The definition of "radical economic transformation" is becoming a quandary for business, with fears that a "change in policy" at the Treasury is imminent, which is, in fact, code for "we are nervous that Zuma, under the guise of radical transformation, wants to access resources that were carefully guarded by minister Pravin Gordhan in the interest of fiscal consolidation and discipline".
I guess there is enough reason for people to fuss about the definition of "radical economic transformation", since the last guy who tried to define it lost his job.
In what was to become his final budget speech in his second coming as finance minister, Gordhan argued that "radical" was about going to the root cause of a problem and solving it at its core in order to derive sustainable outcomes.
Notwithstanding this rare display of solidarity with his boss, President Jacob Zuma still fired Gordhan, sparking a domino of repercussions that plunged the country into junk status, and calls for the president to step down.
None of the ANC's recently published draft policy documents offer a definition of "radical economic transformation".
Also, Bathabile Dlamini recently told us that she never considered this concept in her department's award of the R10-billion Sassa contract to CPS, as it is a new thing for the ANC that didn't exist back then. She will, however, consider it, but for now we should continue planting vegetables and sewing uniforms.
It is no wonder many are looking for a definition. So I figured the new finance minister could do with some pointers in defining and, more importantly, delivering this "radical economic transformation", and since his boss included "black economic empowerment" as one of his birthday wishes, perhaps a practical, low-hanging fruit that can be harvested straight after the Easter weekend, could help.
A few weeks ago, I was introduced to the intercity passenger market, through a chat by chance with CEO and owner of Africa People Mover (APM), Tumisang Kgaboesele.
This industry provides scheduled long-distance coach transport between major cities across South Africa, and 80% of the market is owned by three main players: Prasa-owned Autopax, the operator of the Translux and City to City brands; JSE-listed Unitrans, the operator of Greyhound and Citiliner; and privately owned Intercape.
In December 2014, APM, the first African operator with a national footprint, launched its service and immediately disrupted the market by introducing a high-quality service normally associated with premium brands such as Greyhound and Intercape but at prices normally associated with economy providers such as City to City and Eldo Coaches.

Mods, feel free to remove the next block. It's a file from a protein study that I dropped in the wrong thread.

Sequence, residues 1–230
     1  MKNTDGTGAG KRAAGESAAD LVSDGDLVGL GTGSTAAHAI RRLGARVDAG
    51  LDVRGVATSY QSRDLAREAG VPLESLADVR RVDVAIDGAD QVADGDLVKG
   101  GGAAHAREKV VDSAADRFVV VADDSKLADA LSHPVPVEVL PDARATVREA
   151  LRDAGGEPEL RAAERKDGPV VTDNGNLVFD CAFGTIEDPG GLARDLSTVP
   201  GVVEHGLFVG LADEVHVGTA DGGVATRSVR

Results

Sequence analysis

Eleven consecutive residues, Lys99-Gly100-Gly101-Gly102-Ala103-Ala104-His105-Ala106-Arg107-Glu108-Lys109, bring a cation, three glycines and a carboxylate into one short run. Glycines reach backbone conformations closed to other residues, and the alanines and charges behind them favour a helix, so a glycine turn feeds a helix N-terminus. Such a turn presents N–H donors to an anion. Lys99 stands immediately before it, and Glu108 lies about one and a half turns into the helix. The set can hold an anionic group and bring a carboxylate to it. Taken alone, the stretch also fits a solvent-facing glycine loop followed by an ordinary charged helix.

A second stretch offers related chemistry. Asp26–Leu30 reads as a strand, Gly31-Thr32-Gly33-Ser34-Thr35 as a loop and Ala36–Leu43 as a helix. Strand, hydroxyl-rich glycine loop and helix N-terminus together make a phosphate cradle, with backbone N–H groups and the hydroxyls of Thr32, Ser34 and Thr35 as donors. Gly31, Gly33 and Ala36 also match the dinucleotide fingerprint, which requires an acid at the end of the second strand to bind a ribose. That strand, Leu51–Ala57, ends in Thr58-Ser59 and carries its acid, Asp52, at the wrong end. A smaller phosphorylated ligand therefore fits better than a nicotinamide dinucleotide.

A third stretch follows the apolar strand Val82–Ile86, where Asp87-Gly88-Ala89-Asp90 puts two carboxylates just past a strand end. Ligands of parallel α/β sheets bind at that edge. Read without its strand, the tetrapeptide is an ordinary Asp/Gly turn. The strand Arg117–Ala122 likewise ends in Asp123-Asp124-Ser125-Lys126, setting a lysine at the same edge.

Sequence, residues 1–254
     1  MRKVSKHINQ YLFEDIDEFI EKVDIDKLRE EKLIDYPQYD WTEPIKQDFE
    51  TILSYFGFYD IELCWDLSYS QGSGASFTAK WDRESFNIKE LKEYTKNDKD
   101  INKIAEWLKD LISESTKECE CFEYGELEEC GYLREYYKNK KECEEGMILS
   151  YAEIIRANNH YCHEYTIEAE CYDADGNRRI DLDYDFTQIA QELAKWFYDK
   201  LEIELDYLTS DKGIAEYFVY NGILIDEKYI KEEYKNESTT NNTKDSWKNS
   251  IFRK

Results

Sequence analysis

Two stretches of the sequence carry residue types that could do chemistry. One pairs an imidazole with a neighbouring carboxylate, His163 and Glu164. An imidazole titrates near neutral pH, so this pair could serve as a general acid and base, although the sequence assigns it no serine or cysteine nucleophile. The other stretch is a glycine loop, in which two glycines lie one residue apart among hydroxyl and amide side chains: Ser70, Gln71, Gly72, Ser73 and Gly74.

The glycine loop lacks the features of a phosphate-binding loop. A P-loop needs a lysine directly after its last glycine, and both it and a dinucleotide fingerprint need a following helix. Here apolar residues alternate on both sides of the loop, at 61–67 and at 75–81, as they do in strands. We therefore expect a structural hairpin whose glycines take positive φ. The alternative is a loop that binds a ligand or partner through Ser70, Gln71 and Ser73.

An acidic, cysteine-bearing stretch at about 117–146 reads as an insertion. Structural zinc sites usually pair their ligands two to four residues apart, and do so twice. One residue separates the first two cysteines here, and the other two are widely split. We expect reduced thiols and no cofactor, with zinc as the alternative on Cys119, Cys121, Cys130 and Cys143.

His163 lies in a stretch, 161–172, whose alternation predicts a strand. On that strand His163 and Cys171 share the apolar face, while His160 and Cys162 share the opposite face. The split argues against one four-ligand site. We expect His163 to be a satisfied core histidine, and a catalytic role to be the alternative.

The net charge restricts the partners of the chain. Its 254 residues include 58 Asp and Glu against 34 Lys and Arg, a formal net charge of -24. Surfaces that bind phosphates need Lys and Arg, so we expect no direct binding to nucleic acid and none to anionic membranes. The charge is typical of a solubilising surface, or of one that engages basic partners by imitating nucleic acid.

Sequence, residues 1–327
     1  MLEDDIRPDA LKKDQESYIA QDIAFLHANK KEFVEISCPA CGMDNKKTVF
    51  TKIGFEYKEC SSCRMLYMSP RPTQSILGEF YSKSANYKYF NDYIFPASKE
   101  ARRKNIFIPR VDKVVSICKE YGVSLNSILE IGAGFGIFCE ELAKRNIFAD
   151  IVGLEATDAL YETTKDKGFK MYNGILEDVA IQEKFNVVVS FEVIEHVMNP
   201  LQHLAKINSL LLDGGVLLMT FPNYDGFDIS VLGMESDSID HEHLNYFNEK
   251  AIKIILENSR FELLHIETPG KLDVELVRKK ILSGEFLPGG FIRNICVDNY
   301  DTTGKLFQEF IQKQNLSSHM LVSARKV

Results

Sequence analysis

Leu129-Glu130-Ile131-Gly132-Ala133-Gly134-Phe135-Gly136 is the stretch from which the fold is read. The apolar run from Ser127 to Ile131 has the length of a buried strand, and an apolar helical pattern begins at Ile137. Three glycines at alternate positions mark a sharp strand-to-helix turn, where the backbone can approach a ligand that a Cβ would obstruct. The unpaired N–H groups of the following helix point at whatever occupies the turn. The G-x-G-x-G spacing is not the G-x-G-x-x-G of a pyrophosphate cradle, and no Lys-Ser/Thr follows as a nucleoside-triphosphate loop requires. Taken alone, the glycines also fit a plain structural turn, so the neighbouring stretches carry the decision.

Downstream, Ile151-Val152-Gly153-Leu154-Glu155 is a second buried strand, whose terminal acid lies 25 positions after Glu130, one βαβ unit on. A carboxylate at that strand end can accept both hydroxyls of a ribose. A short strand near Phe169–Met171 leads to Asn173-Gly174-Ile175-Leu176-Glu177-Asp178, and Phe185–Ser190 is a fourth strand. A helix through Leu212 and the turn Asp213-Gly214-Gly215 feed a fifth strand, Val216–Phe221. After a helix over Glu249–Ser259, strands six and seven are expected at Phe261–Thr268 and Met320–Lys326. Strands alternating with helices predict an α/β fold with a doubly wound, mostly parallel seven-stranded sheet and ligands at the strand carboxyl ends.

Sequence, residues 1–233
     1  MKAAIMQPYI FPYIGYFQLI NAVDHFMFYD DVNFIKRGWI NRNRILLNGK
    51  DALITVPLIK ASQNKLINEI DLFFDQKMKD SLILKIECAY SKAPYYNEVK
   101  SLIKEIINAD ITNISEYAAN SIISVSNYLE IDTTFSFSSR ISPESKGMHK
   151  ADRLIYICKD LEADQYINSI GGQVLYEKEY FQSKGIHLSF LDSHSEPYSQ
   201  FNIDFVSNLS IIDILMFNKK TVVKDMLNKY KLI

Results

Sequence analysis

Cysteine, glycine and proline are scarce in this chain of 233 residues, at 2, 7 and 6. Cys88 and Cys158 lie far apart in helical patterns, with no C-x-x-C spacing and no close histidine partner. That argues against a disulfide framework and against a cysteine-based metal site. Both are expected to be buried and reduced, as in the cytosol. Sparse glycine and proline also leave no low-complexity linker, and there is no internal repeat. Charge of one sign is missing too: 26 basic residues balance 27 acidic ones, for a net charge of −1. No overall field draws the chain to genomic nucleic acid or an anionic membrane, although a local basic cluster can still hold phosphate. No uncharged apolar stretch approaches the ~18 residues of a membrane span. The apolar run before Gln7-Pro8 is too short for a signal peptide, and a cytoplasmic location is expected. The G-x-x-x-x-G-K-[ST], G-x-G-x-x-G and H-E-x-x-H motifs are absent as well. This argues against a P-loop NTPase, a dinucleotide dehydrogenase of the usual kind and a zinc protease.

Today, APM transports 30000 passengers a month, has 14 sales offices across the country, employs more than 180 people and has its own independent depot facility.
In addition to managing the normal industry dynamics such as disputes over routes, industrial action, poor law enforcement and price wars, APM is also waging a fight for survival.
This is where the state can intervene and ensure a playing field that allows new black entrants to compete in the so-called "closed" industries. The government can radically transform the economy by analysing each industry and making very specific interventions in the levers utilised by established players to effectively keep out or make it near impossible for new black players to compete.
Let me illustrate.
APM, like the established players, has to pay a commission of about 10% to Shoprite Checkers for the sale of their tickets. They also have to pay 6% towards toll fees and another 6% to access Park Station, the biggest long-distance coach hub in South Africa.
There is a gaping opportunity to tackle the high cost of doing business in this industry, especially for new entrants. The government, through Prasa, Sanral and the licensing authorities, can take a decision to either discount, exempt or rebate black operators from payments due to them.
Park Station is an essential facility in the public-transport value chain. It is owned and managed by Prasa. The government, through Prasa, can quite easily use Park Station as a tool to effect economic transformation - just drop the 6% charge.
The same argument holds true for cost of the tolls administered by Sanral, an agency of the Department of Transport.
In relation to ticket commissions paid to Shoprite Checkers, government can negotiate a discount for black operators.
These interventions can be implemented for a limited period, say, for up to three years from start-up, or be capped to a certain revenue number, whichever comes first.
For those who want to give meaning to the term "radical economic transformation", here is your chance.
Khumalo is chief operating officer of MSG Afrika and presents "Power Business" on Power 98.7 at 6pm, Monday to Thursday.